I am in my early 20s and currently contribute ~18% of my income to my retirement accounts, 7% to company sponsored Roth 401(k) (Popular Investment Company) and 11% into my Roth IRA (A "Big 3" Company). My company also contributes an additional 4% to the Roth 401(k) automatically, no matter how much I contribute. Since they are both Roth accounts, I get the advantage of tax free returns, so that isn't a factor in this.

Here's the average rate of return for the investments (Split among Small & Large Cap Growth Mutual Funds). I've currently selected for each account:

  • Roth IRA Investments 5 year Annual Return: 19.05%
  • Roth 401k 5 Investments year Annual Return: 16.20%

I am aware that these rates of return can vary over time, so I don't want to contribute only on rates of return. They are the most aggressive funds with low expense ratios (<.08%) that I can get within those accounts.

Is there any general investing advice on how I should split these contributions between the two accounts? Are there any general strategies, such as splitting contributions 50/50, 70/30, or 90/10?

  • Can you afford maxing out both?
    – void_ptr
    Commented Apr 9, 2021 at 4:42
  • 2
    My company also contributes an additional 4% to the Roth 401k automatically - employer contributions are always pre-tax, and therefore would not be contributions to a Roth 401k. Are you sure your 401k has a Roth option, and is not a traditional 401k?
    – yoozer8
    Commented Apr 9, 2021 at 13:57
  • 7
    You don't actually have a Roth 401(k); you have a 401(k) plan with a Roth component, and are making contributions only to the Roth component. Your employer's contributions to your "Roth 401(k)" are actually tax-deferred contributions to the "employer match" component of your 401(k) plan with vesting schedules etc and will be taxed when you start taking withdrawals from your 401(k) plan. Commented Apr 9, 2021 at 13:59
  • I had thought there was a question somewhere on the site already with answers that address this, but I'm not able to find it. money.stackexchange.com/questions/47856/… touches on a bit, but is more general, and doesn't specifically discuss 401k vs IRA.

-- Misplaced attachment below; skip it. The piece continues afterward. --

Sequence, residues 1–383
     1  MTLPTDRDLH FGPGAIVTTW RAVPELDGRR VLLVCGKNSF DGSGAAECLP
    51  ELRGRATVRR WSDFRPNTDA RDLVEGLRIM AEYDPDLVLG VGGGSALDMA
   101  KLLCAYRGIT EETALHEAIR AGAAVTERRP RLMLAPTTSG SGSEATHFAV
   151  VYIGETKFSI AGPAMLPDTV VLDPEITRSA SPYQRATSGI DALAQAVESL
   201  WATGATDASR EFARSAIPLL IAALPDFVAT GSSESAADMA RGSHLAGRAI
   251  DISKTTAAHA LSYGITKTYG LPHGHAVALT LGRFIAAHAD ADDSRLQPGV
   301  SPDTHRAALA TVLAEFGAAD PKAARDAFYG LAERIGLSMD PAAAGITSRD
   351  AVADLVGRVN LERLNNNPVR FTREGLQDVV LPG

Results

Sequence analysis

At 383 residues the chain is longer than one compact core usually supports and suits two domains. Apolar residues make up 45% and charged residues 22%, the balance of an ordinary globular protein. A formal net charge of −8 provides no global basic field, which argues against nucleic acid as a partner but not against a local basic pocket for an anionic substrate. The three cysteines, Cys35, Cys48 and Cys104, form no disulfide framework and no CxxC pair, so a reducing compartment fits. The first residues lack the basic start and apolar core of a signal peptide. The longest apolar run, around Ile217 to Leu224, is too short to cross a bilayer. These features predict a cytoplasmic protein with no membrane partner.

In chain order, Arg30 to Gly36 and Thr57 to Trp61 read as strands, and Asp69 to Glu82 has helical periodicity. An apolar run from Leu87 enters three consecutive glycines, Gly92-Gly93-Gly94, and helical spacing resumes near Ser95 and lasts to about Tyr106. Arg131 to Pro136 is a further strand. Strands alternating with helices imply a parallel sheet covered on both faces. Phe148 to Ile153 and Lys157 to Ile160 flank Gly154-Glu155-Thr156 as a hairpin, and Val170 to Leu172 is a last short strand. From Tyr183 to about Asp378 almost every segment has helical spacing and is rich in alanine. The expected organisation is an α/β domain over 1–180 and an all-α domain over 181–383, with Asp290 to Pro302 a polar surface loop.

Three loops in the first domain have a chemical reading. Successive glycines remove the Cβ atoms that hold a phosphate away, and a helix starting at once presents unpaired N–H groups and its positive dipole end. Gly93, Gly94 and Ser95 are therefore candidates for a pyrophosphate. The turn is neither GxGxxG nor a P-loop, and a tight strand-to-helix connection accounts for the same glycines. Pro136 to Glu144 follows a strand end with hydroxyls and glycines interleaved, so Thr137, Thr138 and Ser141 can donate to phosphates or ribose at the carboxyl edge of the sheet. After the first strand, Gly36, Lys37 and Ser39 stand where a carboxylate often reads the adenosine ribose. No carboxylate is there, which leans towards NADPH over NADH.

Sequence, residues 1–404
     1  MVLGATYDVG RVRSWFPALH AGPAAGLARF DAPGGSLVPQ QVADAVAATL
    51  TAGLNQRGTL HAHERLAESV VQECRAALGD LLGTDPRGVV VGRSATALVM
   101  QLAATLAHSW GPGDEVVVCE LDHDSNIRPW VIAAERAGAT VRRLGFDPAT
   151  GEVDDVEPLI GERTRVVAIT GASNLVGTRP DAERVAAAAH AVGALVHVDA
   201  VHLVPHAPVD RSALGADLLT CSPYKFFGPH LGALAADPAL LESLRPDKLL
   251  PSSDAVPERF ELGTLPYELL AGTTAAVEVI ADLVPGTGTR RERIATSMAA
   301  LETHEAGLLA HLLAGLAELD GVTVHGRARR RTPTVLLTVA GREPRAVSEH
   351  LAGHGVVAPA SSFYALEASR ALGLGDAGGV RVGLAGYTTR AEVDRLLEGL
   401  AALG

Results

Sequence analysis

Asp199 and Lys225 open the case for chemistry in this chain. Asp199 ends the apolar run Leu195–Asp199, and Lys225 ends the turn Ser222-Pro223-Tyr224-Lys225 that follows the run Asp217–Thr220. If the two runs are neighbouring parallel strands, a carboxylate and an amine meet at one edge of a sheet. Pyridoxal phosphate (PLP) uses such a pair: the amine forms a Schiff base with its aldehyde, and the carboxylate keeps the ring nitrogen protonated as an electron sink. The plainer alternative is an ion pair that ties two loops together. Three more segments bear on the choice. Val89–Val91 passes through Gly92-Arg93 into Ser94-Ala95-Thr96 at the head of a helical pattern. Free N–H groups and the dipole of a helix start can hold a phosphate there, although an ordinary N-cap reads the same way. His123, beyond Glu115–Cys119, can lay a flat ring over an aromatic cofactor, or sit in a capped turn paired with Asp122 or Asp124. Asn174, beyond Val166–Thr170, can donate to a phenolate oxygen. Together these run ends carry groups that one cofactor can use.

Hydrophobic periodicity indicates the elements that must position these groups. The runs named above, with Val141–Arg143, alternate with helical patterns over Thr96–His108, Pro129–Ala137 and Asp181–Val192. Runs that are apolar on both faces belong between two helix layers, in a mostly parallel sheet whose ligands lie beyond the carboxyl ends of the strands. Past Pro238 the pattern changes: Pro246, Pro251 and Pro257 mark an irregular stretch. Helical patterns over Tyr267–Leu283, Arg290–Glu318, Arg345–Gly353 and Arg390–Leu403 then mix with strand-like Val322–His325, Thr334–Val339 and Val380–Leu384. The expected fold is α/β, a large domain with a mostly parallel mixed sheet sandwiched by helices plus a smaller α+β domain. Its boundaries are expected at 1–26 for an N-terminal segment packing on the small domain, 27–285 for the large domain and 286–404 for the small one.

– yoozer8
    Commented Apr 9, 2021 at 14:18
  • 6
    @theastronomist No, the employer contribution is always pre-tax (non-Roth), even if it is a match for your Roth contributions.
    – yoozer8
    Commented Apr 9, 2021 at 15:10

4 Answers 4


Generally, (and not considering Roth vs traditional status) the way you would want to prioritize/order these contributions would be the following:

  • 401(k) up to whatever is required to capture maximum employer match (in your case this is 0)
  • IRA up to maximum. Currently this maximum is the lesser of your earned income or $6,000 (or $7,000 if you are over 50). This limit changes from time to time
  • 401(k) up to maximum. Currently this maximum is $19,500 ($26,000 if you are over 50). This limit changes from time to time.
  • Taxable investment account

Note that the IRA and 401(k) are not investments themselves; they are accounts in which you hold investments. This is one of the key reasons for the order listed here. Often, the investment selection in a 401(k) plan is limited, and may be subject to higher fees than you can get on your own. Even when that is the case, the employer match is free money, so it would have to be a particularly horrible 401(k) plan for the match to not be worth it. If the available investment options in your 401(k) are good, or at least are consistent with how you would (or do) invest your money in other accounts, then the performance should be the same between them (unless you have different allocations). In this case, performance and cost would not be driving factors in the decision of investment order.

The other factor that drives this order is access to the money. Contributions to a Roth IRA can be withdrawn at any time, without penalty (although you cannot then return that money to the account). For this reason, some people use Roth IRAs as more of a tax-free emergency fund than a retirement investment vehicle. Conversely, you generally can't access 401(k) money without leaving your job (there are some exceptions, but it is very plan-dependent). So if you expect you might need access to this money in an emergency and want simpler access to it, it would be better to have it in a Roth IRA.

The taxable investment account is listed last simply because it does not provide a tax advantage. It does however provide the most liquidity. You can access the money at any time with no penalty (although you will have to pay taxes on any capital gains when you sell investments), but will be taxed on interest, dividends, and capital gains in this account. If your 401(k) has very high fees, it may make sense to put more money here rather than in your 401(k) plan (beyond capturing the employer match).

  • 4